The Human Hunter of Anchorage Alaska: Robert Hansen
Browse articles:
Auto Beauty Business Culture Dieting DIY Events Fashion Finance Food Freelancing Gardening Health Hobbies Home Internet Jobs Law Local Media Men's Health Mobile Nutrition Parenting Pets Pregnancy Products Psychology Real Estate Relationships Science Seniors Sports Technology Travel Wellness Women's Health
Browse companies:
Automotive Crafts, Hobbies & Gifts Department Stores Electronics & Wearables Fashion Food & Drink Health & Beauty Home & Garden Online Services & Software Sports & Outdoors Subscription Boxes Toys, Kids & Baby Travel & Events

The Human Hunter of Anchorage Alaska: Robert Hansen

Robert Hansen was an awkwardly shy child who grew up in a household filled with physical violence and estranged relationships with his parents. While at school he was also made fun of for his stammering as well as his acne until he graduated and joined the National Reserve. However only after a year of service he was discharged and moved to Anchorage, Alaska where he was eventually found guilty for the murder of upwards of 21 women.

Robert Hansen was born to Christian and Edna Hansen in Estherville, Iowa on February 15th, 1939.  Robert had a relatively normal and relaxed childhood but had to deal with an over domineering and physically abusive father from home.  This relationship dilemma that Robert suffered from his father also took an effect on him while attending school.  While at school Robert would be occasionally made fun of for both his stutter and his acne which took a toll on his social skills as well as his relationship skills.  However, once graduated, Robert joined the United States Army Reserve in 1957 but was dishonorably discharged after only serving one year.  After his discharge though Robert enrolled and became a drill instructor for the Pocahontas police academy in Iowa where he met and married his first wife in 1960.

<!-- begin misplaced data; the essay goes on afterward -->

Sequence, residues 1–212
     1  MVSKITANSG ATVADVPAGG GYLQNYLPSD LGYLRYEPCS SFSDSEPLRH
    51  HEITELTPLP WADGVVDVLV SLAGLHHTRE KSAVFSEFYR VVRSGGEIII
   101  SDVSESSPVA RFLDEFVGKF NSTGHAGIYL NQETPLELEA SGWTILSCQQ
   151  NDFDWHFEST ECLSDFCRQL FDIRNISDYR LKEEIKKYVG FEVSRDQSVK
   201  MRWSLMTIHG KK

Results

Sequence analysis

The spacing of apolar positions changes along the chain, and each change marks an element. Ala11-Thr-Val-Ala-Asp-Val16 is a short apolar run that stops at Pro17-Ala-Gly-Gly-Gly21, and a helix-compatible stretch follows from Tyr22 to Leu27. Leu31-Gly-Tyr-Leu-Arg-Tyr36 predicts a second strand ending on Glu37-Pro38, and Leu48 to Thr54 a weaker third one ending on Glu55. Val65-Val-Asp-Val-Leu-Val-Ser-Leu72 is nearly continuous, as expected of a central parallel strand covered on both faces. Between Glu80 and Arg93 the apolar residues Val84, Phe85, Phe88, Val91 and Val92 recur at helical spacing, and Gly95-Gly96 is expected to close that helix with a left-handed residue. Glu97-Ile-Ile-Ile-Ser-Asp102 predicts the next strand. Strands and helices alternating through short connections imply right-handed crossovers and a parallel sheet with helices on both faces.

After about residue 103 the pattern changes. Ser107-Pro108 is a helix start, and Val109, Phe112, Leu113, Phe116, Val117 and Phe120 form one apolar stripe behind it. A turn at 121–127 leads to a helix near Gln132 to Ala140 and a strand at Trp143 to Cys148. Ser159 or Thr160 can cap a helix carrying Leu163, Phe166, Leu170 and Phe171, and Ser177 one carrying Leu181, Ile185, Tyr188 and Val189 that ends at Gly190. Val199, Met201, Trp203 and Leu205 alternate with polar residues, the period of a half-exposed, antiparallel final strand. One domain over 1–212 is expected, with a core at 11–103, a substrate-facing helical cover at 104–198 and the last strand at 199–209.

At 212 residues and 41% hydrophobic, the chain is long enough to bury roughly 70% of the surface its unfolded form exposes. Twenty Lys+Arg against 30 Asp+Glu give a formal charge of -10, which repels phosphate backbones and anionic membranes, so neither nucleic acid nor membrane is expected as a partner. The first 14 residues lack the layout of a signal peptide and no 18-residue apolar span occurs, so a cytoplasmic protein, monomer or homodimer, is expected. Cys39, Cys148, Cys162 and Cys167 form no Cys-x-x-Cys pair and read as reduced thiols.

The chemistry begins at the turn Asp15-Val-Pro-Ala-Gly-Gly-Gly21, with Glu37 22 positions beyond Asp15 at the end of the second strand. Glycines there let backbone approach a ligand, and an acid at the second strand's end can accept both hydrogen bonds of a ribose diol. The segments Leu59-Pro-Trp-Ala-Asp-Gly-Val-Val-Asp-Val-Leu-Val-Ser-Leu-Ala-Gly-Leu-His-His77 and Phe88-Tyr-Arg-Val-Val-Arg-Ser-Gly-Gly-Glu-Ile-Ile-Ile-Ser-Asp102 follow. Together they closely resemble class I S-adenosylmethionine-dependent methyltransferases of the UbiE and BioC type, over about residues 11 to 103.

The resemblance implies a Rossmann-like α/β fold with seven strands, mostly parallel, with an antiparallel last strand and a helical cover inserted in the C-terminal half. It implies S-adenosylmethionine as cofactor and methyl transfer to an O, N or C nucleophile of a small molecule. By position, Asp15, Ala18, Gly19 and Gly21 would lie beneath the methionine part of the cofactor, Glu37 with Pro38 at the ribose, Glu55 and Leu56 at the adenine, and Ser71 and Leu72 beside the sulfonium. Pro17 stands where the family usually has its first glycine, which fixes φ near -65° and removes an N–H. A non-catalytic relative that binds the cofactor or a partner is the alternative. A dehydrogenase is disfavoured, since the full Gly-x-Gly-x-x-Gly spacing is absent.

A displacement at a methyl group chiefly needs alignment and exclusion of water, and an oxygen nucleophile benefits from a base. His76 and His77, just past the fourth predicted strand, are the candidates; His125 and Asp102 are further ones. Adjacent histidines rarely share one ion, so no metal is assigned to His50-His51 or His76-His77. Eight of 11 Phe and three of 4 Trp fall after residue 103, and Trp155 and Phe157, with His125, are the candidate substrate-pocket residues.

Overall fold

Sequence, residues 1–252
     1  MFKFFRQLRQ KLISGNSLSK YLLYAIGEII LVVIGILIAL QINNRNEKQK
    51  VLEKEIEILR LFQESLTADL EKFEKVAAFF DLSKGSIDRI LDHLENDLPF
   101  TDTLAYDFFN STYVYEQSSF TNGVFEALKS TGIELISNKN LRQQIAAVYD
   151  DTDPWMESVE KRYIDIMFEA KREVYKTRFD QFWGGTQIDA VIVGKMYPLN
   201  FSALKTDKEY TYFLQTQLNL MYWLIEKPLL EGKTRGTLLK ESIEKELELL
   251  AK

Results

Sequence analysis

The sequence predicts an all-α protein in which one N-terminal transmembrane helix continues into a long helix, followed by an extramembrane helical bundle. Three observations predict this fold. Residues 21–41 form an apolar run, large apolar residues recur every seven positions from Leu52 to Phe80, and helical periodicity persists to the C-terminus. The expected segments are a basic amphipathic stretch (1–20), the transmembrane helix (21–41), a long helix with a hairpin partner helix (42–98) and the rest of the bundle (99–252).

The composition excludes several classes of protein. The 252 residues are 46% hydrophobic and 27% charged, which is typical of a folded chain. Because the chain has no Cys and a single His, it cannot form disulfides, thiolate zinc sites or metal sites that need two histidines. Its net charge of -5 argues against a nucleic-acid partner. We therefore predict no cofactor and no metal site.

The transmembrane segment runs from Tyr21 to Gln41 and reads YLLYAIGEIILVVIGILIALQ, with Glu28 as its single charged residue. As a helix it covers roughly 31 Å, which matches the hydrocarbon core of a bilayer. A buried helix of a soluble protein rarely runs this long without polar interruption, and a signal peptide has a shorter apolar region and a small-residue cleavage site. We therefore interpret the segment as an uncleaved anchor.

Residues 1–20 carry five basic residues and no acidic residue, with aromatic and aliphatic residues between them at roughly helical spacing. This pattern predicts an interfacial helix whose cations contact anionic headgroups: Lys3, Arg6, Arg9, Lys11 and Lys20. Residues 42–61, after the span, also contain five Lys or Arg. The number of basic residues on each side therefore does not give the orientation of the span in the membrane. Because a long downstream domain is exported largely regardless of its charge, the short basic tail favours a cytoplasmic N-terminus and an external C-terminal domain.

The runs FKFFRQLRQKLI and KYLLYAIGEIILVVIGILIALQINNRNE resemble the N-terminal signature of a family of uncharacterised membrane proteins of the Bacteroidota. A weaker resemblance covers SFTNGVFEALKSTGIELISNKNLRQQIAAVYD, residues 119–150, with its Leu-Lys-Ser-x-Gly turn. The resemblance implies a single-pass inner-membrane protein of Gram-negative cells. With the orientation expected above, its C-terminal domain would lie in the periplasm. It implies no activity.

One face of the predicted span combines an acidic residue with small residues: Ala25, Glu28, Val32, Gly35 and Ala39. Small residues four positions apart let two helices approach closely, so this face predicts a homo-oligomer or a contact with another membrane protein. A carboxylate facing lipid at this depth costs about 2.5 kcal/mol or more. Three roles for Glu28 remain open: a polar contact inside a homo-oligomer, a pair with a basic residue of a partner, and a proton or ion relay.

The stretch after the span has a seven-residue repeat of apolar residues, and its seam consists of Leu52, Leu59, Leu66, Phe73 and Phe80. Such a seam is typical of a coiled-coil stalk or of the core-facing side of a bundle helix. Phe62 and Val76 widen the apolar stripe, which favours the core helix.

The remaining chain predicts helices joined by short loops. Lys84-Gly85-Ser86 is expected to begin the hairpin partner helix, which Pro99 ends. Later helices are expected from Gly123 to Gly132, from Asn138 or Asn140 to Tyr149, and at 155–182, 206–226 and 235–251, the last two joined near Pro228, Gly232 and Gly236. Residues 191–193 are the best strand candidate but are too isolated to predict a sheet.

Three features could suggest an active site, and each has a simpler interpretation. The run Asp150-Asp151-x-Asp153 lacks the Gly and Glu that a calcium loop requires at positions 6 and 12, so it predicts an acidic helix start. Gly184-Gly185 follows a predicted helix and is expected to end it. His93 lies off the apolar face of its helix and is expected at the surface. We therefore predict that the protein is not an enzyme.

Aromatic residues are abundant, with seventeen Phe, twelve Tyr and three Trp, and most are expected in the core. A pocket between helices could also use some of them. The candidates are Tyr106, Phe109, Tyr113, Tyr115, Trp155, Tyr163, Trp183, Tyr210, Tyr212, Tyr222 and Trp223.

Not long after his marriage however Robert was arrested and incarcerated for burning down a Pocahontas County Board of Education school bus garage.  Robert only served 20 months out of his three year sentence but his wife filed for divorce during his time in jail.  Once released Robert remarried again in 1963 but began becoming frequently arrested for petty crimes such as theft until he and his second wife moved to Anchorage, Alaska in 1967.

Once in Alaska Robert became immediately well liked and even became a champion sport hunter breaking numerous records while there.  However, by 1977 Robert had another run in with the law where he was found guilty for the theft of a chainsaw.  During this though prosecutors took the time in order to evaluate Robert’s mental stability.  Psychiatrists’ diagnosed Robert as suffering from a mental condition known as Bi-Polar disorder and prescribed him lithium to take so that he could control his mood swings.  However, the lithium that was prescribed to Robert was never court ordered for him to take regularly. 

On June 13th, 1983 an interesting event occurred.  Cindy Paulson, a 17 year old girl at that time, claimed that she was abducted, kidnapped, and raped with the wooden handle of a hammer by Robert Hansen.  She also claimed that she had been taken hostage with a pair of handcuffs and had successfully eluded Robert while he loading his plane with supplies in order to kill her.  She explained this to police officers and investigators all while wearing the handcuffs as proof.  Once detectives sought out Robert however they ruled him out as a suspect due to his awkward demeanor and then occupation as a baker.

Detective Glen Foth of the Alaskan State Troopers and Roy Hazlewood of the Federal Bureau of Investigations were assigned to the case of Cindy Paulson and various other cases that involved the abduction of women throughout Anchorage, Alaska where Robert Hansen resided.  Multiple bodies had been discovered by construction workers between the years of 1980 and 1983 and many of those bodies were left so dismembered that they were beyond recognizable.  Using Cindy Paulson’s testimony, detectives were able to receive a warrant in order to search Robert’s home for clues that may connect him to the murders.  Once inside Robert’s home detectives discovered clothing, jewelry, and other merchandise that belonged to the missing women of Alaska.  Detectives also found a semi-automatic .223 caliber Ruger Mini 14 rifle inside Robert’s home that matched ballistics found within the bodies of the dead girls. 

On trial Robert Hansen confessed to the murder of four different homicides and revealed gravesites of at least 17 different dead women to police.  Of these gravesites 12 had not yet been discovered by investigators. During the case it was theorized that Robert Hansen murdered between 17 and 21 women, which many of them worked as prostitutes, and was sentenced to roughly 461 years in prison.   


“Robert Hansen. A Serial Killer in Alaska.” By Murray Lundberg

Additional resources:

Need an answer?
Get insightful answers from community-recommended
in History on Knoji.
Would you recommend this author as an expert in History?
You have 0 recommendations remaining to grant today.
Comments (0)